Abu-El-Haija said the success of Mackenzee’s case is the result of like-minded doctors sharing a commitment to improving a child’s condition. The collaboration represented multiple disciplines and experts, including endocrinologists, pain specialists, psychologists, gastroenterologists, and surgeons at Cincinnati Children’s and KCH. She commended Fuchs for initiating conversations with Cincinnati Children’s and pursuing a surgical intervention he believed would achieve the most advantageous outcome for the child, even if not performed at his own institution. She thinks the ability to collaborate with KCH will ensure more hereditary pancreatitis children will receive advanced surgical care without requiring the child’s primary care institution to “reinvent the wheel.”

“It stemmed from having common personalities and common goals,” Abu-El-Haija said. “I really value physicians like Dr. Fuchs. Basically, we both clicked on what we think is important, which is the outcome for the patient. Patients are best served closer to home, but no institution has everything.”

Kim Walters said nothing makes her happier than to see her daughter flipping on trampolines, eating birthday cake and being well enough to sleep over at a friend’s house. Fuchs, who said most children gradually recover from the TPIAT over a prolonged period, considers Mackenzee’s rapid recovery an anomaly. Mackenzee came off a ventilator soon after surgery, and off of the feeding tube for nutritional support five weeks after surgery. She left the hospital prior to the expected discharge date, returning to school to finish the spring semester.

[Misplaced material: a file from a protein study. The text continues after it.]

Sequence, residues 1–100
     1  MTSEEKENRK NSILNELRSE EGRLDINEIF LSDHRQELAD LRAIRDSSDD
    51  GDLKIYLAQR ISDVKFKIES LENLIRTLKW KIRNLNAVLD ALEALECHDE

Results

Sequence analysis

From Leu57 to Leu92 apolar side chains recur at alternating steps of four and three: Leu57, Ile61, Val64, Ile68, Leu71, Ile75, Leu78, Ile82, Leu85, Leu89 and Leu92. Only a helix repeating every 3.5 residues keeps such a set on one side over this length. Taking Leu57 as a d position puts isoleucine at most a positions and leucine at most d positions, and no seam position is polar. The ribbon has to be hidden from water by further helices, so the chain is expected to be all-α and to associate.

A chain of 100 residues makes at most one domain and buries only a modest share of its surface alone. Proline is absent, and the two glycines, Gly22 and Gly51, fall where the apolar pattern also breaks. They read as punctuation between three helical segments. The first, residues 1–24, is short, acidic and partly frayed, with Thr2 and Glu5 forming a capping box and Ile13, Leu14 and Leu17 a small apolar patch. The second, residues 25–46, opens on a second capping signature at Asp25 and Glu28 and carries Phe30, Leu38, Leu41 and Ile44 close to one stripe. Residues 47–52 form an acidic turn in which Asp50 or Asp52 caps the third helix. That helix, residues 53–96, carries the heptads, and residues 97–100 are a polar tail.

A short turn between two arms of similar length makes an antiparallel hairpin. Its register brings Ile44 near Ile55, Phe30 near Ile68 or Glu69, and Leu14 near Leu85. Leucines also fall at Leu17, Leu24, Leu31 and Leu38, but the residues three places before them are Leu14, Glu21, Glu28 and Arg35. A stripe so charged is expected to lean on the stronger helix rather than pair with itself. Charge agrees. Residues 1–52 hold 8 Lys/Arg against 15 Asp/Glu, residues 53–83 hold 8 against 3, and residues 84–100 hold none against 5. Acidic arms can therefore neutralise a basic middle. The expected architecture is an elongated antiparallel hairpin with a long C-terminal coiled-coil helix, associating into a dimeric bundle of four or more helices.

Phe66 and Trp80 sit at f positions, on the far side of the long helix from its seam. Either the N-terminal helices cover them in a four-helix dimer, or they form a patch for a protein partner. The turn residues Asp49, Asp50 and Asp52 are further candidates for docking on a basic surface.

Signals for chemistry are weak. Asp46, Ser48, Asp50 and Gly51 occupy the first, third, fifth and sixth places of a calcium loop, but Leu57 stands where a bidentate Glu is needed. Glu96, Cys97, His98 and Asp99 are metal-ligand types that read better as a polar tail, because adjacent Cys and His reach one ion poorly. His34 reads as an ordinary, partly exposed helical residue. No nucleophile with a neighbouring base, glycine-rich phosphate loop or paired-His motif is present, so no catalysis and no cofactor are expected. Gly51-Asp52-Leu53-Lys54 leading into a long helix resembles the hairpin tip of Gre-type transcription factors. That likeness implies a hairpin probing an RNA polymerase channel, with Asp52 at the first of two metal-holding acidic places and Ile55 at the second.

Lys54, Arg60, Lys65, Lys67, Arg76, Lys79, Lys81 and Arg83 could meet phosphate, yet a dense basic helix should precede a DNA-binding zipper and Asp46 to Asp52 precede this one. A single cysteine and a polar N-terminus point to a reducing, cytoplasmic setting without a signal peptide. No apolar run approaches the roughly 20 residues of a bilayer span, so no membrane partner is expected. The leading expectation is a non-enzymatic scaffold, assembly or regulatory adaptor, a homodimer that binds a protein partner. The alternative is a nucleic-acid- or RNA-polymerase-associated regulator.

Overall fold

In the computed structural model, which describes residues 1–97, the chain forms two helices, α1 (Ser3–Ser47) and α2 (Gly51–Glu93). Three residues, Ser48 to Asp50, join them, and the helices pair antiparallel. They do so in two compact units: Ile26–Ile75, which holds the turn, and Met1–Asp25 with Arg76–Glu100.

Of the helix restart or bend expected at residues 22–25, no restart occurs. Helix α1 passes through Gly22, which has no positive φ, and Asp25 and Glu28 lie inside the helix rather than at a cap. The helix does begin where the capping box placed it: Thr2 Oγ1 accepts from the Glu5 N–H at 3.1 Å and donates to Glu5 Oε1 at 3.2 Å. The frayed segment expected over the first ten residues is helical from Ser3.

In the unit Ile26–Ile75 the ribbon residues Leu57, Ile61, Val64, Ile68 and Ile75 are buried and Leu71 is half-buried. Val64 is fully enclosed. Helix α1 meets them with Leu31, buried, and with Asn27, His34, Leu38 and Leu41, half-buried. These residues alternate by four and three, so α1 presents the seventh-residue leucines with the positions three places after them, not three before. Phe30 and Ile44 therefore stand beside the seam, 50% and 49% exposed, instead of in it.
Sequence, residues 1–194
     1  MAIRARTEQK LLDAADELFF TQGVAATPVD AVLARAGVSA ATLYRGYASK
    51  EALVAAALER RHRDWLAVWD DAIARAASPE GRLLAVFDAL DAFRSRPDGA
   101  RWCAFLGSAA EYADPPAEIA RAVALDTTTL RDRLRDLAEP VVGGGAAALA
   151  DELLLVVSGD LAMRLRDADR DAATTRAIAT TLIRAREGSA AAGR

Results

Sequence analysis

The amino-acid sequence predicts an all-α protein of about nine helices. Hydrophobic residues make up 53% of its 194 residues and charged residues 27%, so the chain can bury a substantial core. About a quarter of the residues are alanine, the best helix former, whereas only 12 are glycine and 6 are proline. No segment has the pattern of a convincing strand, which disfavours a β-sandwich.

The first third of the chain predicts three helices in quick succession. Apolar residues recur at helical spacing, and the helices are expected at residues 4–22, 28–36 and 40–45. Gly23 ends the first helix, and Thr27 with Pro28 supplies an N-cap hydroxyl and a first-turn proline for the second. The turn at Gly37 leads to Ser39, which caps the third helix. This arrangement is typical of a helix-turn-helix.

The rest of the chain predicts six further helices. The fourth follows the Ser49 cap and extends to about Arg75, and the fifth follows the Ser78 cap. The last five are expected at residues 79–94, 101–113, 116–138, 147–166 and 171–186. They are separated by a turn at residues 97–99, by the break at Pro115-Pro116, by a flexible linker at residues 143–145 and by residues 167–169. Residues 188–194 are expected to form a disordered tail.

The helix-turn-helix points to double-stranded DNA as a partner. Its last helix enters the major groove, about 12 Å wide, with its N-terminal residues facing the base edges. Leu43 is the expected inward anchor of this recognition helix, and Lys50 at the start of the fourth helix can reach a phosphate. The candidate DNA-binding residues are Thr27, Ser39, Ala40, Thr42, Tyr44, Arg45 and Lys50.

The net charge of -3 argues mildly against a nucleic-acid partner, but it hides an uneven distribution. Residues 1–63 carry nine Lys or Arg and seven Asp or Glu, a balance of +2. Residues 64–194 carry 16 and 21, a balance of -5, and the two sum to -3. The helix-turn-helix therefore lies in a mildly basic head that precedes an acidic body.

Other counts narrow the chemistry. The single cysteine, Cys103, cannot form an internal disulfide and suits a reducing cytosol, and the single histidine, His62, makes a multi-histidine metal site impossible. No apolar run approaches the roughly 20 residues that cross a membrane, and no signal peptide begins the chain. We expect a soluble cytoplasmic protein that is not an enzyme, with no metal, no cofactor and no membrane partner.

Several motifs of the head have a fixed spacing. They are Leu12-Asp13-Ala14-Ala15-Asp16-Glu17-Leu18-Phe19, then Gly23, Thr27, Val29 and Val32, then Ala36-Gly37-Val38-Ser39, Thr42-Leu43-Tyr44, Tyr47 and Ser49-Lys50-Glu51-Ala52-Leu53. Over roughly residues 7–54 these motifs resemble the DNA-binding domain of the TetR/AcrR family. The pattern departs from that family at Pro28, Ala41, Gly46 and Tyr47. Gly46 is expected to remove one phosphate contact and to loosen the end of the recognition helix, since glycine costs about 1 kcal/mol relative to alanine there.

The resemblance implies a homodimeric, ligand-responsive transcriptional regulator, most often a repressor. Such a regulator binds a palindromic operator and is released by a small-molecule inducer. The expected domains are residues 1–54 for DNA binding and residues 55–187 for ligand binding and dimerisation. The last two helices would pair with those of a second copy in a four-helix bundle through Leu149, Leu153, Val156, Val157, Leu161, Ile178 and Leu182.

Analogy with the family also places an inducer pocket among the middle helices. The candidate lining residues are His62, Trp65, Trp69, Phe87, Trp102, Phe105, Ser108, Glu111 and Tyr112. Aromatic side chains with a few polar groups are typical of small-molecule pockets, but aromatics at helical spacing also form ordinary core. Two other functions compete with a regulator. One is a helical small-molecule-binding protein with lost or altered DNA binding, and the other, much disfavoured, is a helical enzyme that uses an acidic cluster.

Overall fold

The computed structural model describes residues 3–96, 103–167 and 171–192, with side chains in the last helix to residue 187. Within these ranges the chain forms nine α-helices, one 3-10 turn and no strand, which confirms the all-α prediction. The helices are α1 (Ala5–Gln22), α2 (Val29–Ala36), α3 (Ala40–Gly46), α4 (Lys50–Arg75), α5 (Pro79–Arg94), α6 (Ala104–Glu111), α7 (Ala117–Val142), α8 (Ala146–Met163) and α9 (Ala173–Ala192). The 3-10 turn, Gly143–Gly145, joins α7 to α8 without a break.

Walters worries less about Mackenzee trying once unthinkable foods to digest, such as steak, or passing out from pain at a friend’s house. The thought of losing Mackenzee doesn’t haunt her anymore. After scouring the nation looking for options for Mackenzee, she found an answer in Fuchs and the providers at KCH and Cincinnati Children’s.  

“To discover that it’s right here at your back door where they’ve actually accomplished the research and figured out how to give her a better life and prolong her life, I was a little dumbfounded I guess,” Walters said. “Because everyone thinks living in the boondocks, we don’t have good doctors, but we have some of the best doctors in the world. From Cincinnati to here at UK, there are some of the best doctors.”

Today, Mackenzee radiates with energy and giggles about her second belly button, a token left from her surgery. Mackenzee now thinks about the future and wants to become a fashion designer. She lists off all the activities she can do now, like help her mom cook and mop the floors.

“I can eat. I can go to school,” Mackenzee said. “Now I have more than just one friend. I can do other stuff than just lay in bed all day. Do different things.”